Preventing and mitigating the damage to health facilities is important. Reducing the physical vulnerability of the infrastructure can take place when reconstructing the infrastructure destroyed by a disaster, when planning new infrastructure, or when strengthening existing facilities. Mitigation of damage to hospitals aims to ensure the continuing operation of the health facility, so that some basic services will continue uninterrupted in the event of a disaster. Reducing the damage to water supplies is also important, and requires cross-sectoral coordination.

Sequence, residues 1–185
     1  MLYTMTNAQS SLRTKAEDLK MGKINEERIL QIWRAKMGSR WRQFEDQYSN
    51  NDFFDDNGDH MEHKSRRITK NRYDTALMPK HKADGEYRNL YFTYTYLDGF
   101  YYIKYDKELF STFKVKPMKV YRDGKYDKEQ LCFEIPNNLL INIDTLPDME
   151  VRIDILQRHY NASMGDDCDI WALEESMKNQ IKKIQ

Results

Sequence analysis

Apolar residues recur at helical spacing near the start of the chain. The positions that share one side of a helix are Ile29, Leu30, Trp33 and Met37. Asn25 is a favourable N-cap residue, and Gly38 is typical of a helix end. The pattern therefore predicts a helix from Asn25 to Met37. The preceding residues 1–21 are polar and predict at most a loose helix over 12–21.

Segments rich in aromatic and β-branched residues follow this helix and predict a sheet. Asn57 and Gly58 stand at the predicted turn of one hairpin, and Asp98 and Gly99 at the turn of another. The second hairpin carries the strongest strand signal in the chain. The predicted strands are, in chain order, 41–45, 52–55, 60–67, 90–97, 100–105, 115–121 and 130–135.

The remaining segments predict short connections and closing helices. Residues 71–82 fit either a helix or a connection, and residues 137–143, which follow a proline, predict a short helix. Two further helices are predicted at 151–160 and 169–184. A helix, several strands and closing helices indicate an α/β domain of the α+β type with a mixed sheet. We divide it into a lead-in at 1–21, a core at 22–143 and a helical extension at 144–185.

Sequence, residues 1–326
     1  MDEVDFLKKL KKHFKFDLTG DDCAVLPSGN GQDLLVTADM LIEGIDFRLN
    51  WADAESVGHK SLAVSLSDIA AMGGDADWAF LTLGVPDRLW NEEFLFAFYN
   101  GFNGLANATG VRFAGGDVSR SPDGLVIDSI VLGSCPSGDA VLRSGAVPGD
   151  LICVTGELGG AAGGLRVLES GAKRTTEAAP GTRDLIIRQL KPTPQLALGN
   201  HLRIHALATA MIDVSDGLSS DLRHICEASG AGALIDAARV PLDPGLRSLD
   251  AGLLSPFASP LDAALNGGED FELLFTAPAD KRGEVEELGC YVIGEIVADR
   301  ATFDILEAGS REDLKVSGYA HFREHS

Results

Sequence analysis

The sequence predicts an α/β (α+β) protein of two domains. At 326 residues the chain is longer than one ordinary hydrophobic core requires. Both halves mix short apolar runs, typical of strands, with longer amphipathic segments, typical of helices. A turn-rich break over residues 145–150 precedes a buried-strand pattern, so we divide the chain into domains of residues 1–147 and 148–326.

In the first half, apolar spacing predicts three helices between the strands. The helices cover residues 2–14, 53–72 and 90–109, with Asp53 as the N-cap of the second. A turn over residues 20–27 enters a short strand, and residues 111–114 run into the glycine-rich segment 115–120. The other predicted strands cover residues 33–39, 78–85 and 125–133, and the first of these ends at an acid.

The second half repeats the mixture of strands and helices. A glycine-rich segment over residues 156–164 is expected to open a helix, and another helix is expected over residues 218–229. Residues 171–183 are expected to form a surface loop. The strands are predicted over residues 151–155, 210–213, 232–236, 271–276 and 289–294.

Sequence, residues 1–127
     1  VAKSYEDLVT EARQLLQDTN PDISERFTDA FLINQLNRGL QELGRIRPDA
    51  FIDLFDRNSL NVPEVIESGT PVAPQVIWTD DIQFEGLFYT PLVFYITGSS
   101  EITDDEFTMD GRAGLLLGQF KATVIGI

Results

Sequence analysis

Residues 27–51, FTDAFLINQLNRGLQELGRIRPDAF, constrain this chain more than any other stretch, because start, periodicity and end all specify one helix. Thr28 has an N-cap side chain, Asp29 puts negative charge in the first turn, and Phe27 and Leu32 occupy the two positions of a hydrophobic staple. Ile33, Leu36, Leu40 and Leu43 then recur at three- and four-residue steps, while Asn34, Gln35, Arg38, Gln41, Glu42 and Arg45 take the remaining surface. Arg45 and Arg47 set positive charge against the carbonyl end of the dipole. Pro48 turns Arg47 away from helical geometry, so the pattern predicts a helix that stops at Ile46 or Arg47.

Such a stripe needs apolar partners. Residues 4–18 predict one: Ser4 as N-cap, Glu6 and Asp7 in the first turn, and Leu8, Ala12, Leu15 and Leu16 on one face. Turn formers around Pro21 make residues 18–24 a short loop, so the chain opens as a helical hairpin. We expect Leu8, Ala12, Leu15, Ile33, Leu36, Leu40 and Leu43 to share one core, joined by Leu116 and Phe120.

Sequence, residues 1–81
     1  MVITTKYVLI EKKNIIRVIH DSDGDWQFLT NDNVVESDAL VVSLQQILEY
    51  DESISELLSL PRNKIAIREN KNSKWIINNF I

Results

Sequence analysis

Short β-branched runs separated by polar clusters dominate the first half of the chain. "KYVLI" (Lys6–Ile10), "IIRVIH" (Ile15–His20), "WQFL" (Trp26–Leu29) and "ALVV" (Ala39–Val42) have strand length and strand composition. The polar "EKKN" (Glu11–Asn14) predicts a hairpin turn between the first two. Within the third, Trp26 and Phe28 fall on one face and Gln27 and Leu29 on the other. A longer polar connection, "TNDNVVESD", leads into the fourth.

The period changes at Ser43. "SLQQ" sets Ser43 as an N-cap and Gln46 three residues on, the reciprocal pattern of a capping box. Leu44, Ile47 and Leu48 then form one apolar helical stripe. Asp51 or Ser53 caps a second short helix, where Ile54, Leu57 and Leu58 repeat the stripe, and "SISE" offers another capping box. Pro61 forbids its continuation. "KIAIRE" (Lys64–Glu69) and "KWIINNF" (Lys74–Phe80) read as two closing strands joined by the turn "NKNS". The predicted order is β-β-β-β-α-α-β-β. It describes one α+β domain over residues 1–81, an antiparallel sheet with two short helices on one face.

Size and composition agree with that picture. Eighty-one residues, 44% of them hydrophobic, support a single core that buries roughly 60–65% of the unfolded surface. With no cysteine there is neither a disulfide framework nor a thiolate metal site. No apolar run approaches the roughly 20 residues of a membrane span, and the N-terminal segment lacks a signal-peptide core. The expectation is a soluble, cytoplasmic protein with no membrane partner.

The Best Buys in Disaster Scenarios

Natural disasters are emergency situations. However, with planning, costly and ineffective interventions can be avoided. Improvisation and rush inevitably come with a high price, and there are many things health ofcials ought to avoid preferential use of expatriate health professionals; emergency procurement and airlifting of food, water, and supplies that often are available locally or that remain in storage for long periods of time; the tendency to adopt dramatic measures all contribute to making disaster relief one of the least costeffective health activities.

| Natural Disasters: Coping with the Health Impact | Disease Control Priorities Project